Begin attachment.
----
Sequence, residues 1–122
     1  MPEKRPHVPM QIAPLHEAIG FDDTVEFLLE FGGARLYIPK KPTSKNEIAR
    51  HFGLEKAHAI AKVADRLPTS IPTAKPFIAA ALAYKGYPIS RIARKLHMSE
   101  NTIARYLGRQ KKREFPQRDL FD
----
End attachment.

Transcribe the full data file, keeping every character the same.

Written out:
Sequence, residues 1–122
     1  MPEKRPHVPM QIAPLHEAIG FDDTVEFLLE FGGARLYIPK KPTSKNEIAR
    51  HFGLEKAHAI AKVADRLPTS IPTAKPFIAA ALAYKGYPIS RIARKLHMSE
   101  NTIARYLGRQ KKREFPQRDL FD